Members of the Western New York federal delegation called the release of new pilot training rules by the Federal Aviation Administration welcome news.
"This is an important step in the essential process of improving flight safety in the United States," said Congressman Brian Higgins. "We learned valuable lessons after the crash of Flight 3407, and rules like those released today will go a long way toward preventing future tragedies."
"We knew that after Flight 3407 we had to improve pilot training standards, and I applaud the FAA's implementation of this new policy," Rep. Louise Slaughter said. "The families of those who were lost in that crash have worked tirelessly to promote new standards to help prevent future tragedies, and I hope that today's news will bring them some level of comfort."
"I am pleased that the FAA has followed through on its commitment and finalized one of the key safety rules ahead of the Aug. 1 deadline. The families of flight 3407 and the entire congressional delegation have relentlessly pressed the FAA to finish this rule ahead of Aug. 1, and while there were delays in the process, that has paid off," said Sen. Chuck Schumer. "This new rule will help keep our skies safer, and we will all now focus our attention on getting the crew member training regulations finalized on time as well."
"Over the past four years, the families who lost loved ones on Flight 3407 have been a constant and powerful force in Congress, working to improve aviation safety standards so others are spared the same loss they have had to endure," Sen. Kirsten Gillibrand said. "Their tireless efforts are leading to some of the most significant safety improvements in years, including today's ruling to hold pilots to stronger standards by requiring more training and experience to keep our families safe. But we all know how much work is left to do. We must continue to implement all of the rules we wrote into the Airline Safety and FAA Extension Act without further delay to reach one level of safety for all crews and passengers."
"Finally, the FAA has stopped dragging its feet and is moving forward in implementing the new safety regulations championed by Flight 3407 families and passed by Congress back in 2010," said Congressman Chris Collins. "The flying public owes the Flight 3407 families a large debt of gratitude for turning their tremendous loss into a crusade to make sure the flying public is as safe as possible."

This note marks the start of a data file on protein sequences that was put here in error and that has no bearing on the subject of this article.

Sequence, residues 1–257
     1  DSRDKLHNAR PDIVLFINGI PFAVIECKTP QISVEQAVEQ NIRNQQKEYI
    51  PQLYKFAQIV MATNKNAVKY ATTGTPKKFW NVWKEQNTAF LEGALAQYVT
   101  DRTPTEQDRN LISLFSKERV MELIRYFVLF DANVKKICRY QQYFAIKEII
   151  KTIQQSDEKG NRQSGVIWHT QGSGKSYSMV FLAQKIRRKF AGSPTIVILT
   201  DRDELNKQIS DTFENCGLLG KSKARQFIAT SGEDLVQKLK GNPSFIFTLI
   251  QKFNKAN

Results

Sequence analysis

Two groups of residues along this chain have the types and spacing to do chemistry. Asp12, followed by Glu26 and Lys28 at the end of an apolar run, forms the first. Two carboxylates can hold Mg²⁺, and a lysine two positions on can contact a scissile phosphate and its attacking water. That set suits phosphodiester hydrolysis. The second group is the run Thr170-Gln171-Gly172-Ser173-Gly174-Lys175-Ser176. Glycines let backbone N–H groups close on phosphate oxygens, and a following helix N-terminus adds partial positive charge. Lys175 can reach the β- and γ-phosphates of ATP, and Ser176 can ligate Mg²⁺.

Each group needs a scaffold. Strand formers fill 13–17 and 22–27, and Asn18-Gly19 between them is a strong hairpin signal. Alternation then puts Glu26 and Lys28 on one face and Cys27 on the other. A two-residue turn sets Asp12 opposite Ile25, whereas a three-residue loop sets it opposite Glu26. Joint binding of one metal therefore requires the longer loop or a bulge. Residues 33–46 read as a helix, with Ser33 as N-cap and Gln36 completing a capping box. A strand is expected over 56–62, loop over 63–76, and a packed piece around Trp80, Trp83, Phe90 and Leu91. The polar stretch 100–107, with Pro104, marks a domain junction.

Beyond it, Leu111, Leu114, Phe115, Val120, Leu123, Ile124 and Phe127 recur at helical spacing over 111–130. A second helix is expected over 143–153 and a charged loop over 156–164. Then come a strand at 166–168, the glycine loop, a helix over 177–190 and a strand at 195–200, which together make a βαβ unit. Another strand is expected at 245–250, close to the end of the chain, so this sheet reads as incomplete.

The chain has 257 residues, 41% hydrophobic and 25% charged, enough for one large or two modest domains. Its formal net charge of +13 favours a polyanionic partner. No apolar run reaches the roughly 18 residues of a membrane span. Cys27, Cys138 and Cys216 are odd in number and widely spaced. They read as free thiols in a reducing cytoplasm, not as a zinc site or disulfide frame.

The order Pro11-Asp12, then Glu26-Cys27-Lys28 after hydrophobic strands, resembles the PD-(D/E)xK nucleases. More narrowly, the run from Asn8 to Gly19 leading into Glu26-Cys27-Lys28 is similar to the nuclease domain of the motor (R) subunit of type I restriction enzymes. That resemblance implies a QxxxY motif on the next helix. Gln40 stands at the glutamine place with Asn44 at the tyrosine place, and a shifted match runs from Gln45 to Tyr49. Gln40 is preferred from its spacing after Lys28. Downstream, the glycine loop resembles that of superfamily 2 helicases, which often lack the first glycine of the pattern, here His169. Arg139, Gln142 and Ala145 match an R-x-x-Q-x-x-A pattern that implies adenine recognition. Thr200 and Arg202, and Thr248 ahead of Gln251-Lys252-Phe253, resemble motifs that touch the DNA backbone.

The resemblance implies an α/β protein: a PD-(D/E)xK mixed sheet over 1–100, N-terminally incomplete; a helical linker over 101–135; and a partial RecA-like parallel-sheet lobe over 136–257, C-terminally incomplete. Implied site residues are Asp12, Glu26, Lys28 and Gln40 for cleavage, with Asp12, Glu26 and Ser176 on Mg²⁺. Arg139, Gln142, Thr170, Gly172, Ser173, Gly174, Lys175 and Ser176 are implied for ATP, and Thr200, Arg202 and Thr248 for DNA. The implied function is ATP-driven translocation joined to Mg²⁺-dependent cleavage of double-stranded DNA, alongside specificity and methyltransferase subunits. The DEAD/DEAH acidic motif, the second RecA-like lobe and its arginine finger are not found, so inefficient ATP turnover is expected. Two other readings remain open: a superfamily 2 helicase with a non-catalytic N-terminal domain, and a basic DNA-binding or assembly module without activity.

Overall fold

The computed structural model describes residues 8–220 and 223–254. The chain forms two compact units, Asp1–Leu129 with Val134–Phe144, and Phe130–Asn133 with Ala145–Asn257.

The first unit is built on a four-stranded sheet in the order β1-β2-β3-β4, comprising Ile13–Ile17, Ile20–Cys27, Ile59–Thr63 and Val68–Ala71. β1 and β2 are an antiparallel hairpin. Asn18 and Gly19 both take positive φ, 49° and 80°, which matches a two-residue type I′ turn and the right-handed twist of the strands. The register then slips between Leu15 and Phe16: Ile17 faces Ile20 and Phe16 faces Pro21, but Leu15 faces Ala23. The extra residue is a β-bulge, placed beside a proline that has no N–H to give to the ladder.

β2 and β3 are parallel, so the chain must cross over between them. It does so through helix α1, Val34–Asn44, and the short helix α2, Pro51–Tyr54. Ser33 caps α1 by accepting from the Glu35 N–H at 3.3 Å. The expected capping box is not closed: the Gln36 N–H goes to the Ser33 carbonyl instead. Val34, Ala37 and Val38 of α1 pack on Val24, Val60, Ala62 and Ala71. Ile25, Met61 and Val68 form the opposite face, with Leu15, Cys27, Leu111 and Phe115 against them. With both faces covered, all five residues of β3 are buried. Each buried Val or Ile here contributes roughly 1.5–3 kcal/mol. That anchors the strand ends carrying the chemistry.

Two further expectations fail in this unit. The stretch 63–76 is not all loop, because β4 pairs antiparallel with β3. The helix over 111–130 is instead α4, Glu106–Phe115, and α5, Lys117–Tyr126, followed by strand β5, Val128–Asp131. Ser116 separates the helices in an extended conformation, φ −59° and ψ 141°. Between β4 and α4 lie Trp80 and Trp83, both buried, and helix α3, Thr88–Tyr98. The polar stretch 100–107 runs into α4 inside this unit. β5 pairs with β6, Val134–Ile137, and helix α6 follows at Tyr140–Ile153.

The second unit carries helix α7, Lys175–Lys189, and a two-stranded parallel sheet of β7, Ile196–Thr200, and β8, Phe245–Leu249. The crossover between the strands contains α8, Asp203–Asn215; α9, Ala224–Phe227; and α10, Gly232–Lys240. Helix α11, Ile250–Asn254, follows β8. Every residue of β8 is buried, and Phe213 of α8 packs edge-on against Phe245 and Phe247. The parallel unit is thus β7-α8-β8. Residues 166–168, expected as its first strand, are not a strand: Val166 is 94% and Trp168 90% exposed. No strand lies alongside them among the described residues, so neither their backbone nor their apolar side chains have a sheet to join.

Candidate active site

"Final rules on pilot qualifications and crewmember training are long overdue, and today's news will go a long way in preventing future tragedies," Rep. Tom Reed said. "Deadly crashes, like the crash of Flight 3407, can be prevented and lives can be saved. Pressing the FAA to meet deadlines for proper pilot training is a fair, common sense requirement and I am pleased the FAA has heeded calls for reforms from the Western New York delegation."
Earlier this week members of Western New York's federal delegation sent aletter to the FAA administrator calling on him to move quickly to finalize aviation safety rules requiring new pilot training standards.
The recent crashes of Asiana Airlines Flight 214 while approaching San Francisco International Airport and an air taxi at the Soldotna Airport in Alaska prompted a renewed call for urgency on implementation of tougher standards.
The FAA finalized and signed a pilot qualification rule, which includes:
1,500 hours needed for an airline transport pilot certification, exceptions for military pilots (750 hours), bachelor degrees in aviation (1,000 hours), 30-hr associate degree programs (1,250 hours).
Ages 21-23 can get restricted ATP if fly as second in command (co-pilot).
Requires "seasoning of pilots" meaning 1,000 hours as second in command (co-pilot) before qualified as pilot in command. ATP certification program was strengthened, requiring a seven-day course including 30 hours academic training and 10 hours simulation training.
Working closely with Flight 3407 families, the Western New York delegation pushed for, and in 2010 Congress approved, sweeping new aviation safety requirements for pilots and airlines, which included new transparencies for regional carriers, increased training for pilots and new policies to protect against pilot fatigue.
Colgan Air Flight 3407 crashed on approach to the Buffalo Niagara International Airport on Feb. 12, 2009, killing all on board and one inside a home. Pilot training and fatigue were cited as factors in the crash.